For technical reasons (WiFi connections few and far between, tethering slow as molasses in January) the Olav’s Way Liveblog did not feature very many photos despite the fact that many that were taken. This post will help fill that gap in our coverage by giving you, the gentle reader, a better idea of what it was like to walk through the Norwegian countryside. Well, at least what it was like for me to walk through Norway. With the youngest of our group setting the pace, it didn’t take much camera fiddling before I was bringing up the rear. Accordingly, what you see is the perspective of the laggard. As one of the fellowship commented in response to the photos I shared with the group: “So this is what you were doing back there.”
I found the walk and my efforts to capture it to be cathartic. Despite earning the dubious distinction of having the biggest and heaviest pack this year (Jordan was unfortunately not around to defend his title from last year), I arrived in Trondheim positively refreshed. It would be melodramatic to claim that traveling Olav’s Way changed my life, but it and the one we undertook last year have certainly enriched my devotional praxis, strengthened relationships with co-travelers and even had minor salutary effects on my physical well being.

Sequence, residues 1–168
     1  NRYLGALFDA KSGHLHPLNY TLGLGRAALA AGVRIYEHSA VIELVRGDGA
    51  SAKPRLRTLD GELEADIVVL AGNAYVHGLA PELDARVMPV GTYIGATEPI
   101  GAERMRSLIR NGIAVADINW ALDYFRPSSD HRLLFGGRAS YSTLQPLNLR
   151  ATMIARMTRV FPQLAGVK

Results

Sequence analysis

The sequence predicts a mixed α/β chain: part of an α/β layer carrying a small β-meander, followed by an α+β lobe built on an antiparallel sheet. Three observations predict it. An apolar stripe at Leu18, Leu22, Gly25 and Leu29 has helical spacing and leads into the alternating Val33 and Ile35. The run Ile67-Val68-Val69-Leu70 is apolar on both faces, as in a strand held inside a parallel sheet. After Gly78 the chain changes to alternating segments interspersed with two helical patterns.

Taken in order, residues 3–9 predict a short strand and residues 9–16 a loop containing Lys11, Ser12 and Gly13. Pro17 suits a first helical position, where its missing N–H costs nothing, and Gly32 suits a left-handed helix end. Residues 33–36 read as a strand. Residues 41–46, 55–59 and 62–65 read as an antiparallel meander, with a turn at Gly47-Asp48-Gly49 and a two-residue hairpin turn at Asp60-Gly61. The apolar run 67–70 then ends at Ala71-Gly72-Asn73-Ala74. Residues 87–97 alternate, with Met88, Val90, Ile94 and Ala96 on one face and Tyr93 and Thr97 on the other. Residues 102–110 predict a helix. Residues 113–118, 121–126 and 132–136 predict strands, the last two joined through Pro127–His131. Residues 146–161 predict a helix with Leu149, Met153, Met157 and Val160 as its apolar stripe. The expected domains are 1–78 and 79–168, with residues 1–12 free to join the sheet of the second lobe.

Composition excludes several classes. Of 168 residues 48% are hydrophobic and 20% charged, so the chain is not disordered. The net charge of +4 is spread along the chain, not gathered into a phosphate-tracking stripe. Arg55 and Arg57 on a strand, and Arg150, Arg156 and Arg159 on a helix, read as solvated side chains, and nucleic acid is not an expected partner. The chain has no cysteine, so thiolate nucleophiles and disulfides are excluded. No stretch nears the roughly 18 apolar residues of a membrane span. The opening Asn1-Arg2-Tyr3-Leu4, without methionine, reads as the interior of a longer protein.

I suspect a pilgrimage would do something similar for you too. If “religious tolerance, the cultivation of ‘holy envy’ in the world’s great religious places, and the appreciation, in good company, of God’s beautiful earth” sound intriguing, consider joining the Mormon Society of St. James for notices of walks, meetings and visits local to wherever its members may be, in addition to the annual pilgrimage. Speaking of which, next year we plan to track Thomas Becket’s traces to Canterbury.
In the meantime, I invite you to join the Fellowship of Olav’s Way on its journey to Nidaros: